Ivana Agapiou is an Eather Recruitment executive and president of the Rotary Club of Port Macquarie Sunrise. Rotary began in the US in 1905 and in Port Macquarie in 1948; there are now six local Rotary clubs, including at Wauchope and Laurieton, with more than 200 members. Women were first accepted as members 20 years ago: currently, the presidents of all four Port Macquarie clubs are women. Ivana gives readers a glimpse of Rotary from her own club’s perspective.
Each Rotary club is unique: people are attracted to different clubs for different reasons. Sunrise club’s serious about helping the community but not so serious about being serious! I joined when I came to Port eight years ago because I heard they had loads of fun. Initially, I just enjoyed the Friday breakfasts and everyone’s company, but soon realised I could make a difference; Rotary’s a real enabler: there are many ways members can feel empowered to help others. You can use your vocation or expertise in many ways: for example, assisting Rotary International programs such as eradicating polio and providing food, water and shelter for the needy.
We plan many activities: fundraisers like the Baby Boomers Ball; some purely social; some “hands on”, where we assist those who physically need a hand. We join with other Rotary clubs projects such as the lifesavers’ beach towers and Carnival of the Pines [on Sunday, October 4]. Rotary Youth Leadership Awards help 18-25 year olds develop their potential.
Our club works on a strategic 3-5 year plan so we can target projects and fund them adequately. This year our major fundraiser is Le Tour de Port on October 25. Cyclists will cover 200km in a day, with proceeds to Dads in Distress, Hastings Cancer Council and suicide prevention. So far we’ve raised $12,000 and we haven’t even had the event! Other projects are Bendigo Bank Youth 4 Youth talent night at Port City Bowls on November 26, for the Special Olympics and prevention of youth suicide and Newcastle Permanent Hastings Sports Awards early next year. We helped a school in Nepal with basic literacy and this developed into providing the village with teachers and a new school building. We help students at St Columba and Newman Technical College take part in vocational opportunities like Rotary Youth Marine, and student exchanges. We sponsor a French student here and we’ve a Port student heading for Denmark. In our Charge Point project we encourage outlets to provide power-point access for people with disabilities driving scooters, to improve mobility. Often they’ll stay home rather than go out, fearful of running out of power.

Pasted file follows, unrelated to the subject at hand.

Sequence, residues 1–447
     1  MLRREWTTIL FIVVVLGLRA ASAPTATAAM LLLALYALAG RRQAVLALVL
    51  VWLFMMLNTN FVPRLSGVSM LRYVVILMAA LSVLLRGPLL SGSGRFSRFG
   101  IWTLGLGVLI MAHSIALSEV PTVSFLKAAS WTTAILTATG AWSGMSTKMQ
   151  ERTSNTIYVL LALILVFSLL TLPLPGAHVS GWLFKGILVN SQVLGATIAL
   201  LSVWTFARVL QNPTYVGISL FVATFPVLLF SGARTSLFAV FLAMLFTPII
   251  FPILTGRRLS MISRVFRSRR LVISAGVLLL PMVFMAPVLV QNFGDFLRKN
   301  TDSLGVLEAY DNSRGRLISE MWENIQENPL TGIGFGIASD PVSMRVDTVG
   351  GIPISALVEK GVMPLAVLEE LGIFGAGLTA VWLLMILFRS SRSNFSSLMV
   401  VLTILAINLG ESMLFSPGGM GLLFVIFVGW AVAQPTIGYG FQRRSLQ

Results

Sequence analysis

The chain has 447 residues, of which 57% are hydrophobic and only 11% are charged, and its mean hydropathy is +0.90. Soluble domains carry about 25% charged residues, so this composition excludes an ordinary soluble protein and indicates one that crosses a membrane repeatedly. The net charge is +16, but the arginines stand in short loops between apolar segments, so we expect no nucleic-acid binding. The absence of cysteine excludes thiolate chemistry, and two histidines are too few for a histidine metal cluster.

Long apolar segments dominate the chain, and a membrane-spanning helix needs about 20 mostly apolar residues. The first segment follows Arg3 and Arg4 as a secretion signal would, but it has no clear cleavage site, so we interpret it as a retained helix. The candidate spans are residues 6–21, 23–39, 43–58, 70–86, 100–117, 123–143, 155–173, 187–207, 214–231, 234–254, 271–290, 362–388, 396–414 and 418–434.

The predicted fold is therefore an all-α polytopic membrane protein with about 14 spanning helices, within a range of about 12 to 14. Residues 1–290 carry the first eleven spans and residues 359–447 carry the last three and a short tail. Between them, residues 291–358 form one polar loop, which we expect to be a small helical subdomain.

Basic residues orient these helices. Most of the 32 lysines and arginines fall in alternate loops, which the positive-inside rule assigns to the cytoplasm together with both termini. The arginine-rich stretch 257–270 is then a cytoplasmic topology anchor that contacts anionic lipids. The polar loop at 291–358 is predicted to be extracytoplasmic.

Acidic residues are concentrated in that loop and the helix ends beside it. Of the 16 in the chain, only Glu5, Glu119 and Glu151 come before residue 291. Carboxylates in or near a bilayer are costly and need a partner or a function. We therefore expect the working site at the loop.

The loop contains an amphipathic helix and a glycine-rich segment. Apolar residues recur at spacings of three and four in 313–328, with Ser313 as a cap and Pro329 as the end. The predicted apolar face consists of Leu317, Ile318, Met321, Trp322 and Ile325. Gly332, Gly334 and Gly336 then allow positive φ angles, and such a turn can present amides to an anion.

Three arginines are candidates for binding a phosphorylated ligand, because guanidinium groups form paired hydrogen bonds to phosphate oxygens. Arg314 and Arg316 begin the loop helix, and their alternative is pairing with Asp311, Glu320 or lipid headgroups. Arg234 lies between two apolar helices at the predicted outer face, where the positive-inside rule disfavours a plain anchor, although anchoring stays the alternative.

Rotary’s such a good a concept: groups of wonderfully generous, caring people joining together to help others – and meet interesting people, have fun and contribute to community and international aid. Rotary Youth leadership is a flagship program for 18 to 25-year-olds who have a presence on Facebook and My Space and have even formed a Rotary e-club; schools run an Interact program, a mini Rotary club that helps young people with skills like public speaking; most clubs have websites now. Rotary’s a strong network with everlasting bonds; members are salt of the earth. It’s a myth that Rotarians are all rich old farts, mainly male. Our club’s full of active business people with busy lives who want to do good and be involved in a caring network of like-minded individuals. I consider many Rotarians real friends who when times are tough are there to support and assist. We welcome new members: we recommend they attend a few breakfasts and talk to members before joining. Sunrise Club’s one of the “youngest” clubs: most of us work full time; many have young families.
Everyone joins for different reasons: we try to find motivating factors to keep members engaged and give them a platform to carry out “service above self”. This could mean digging a trench, painting, donating time or money or sharing valuable skills. Whatever a member can do, we accept; you do what you can when you can. If there’s an identified need we’ll be there, hands on, whatever it takes. Anyone’s welcome to come along to meetings, 7am every Friday at Rydges Riverside Room: contact a member (or me on 0404 056 278), attend an info session, see if it’s for you. It costs about $220 a year: there’ll also be social occasions and events you want to attend. We have a tradition of fining people for no good reason so you need some gold coins handy. A sense of humour’s vital.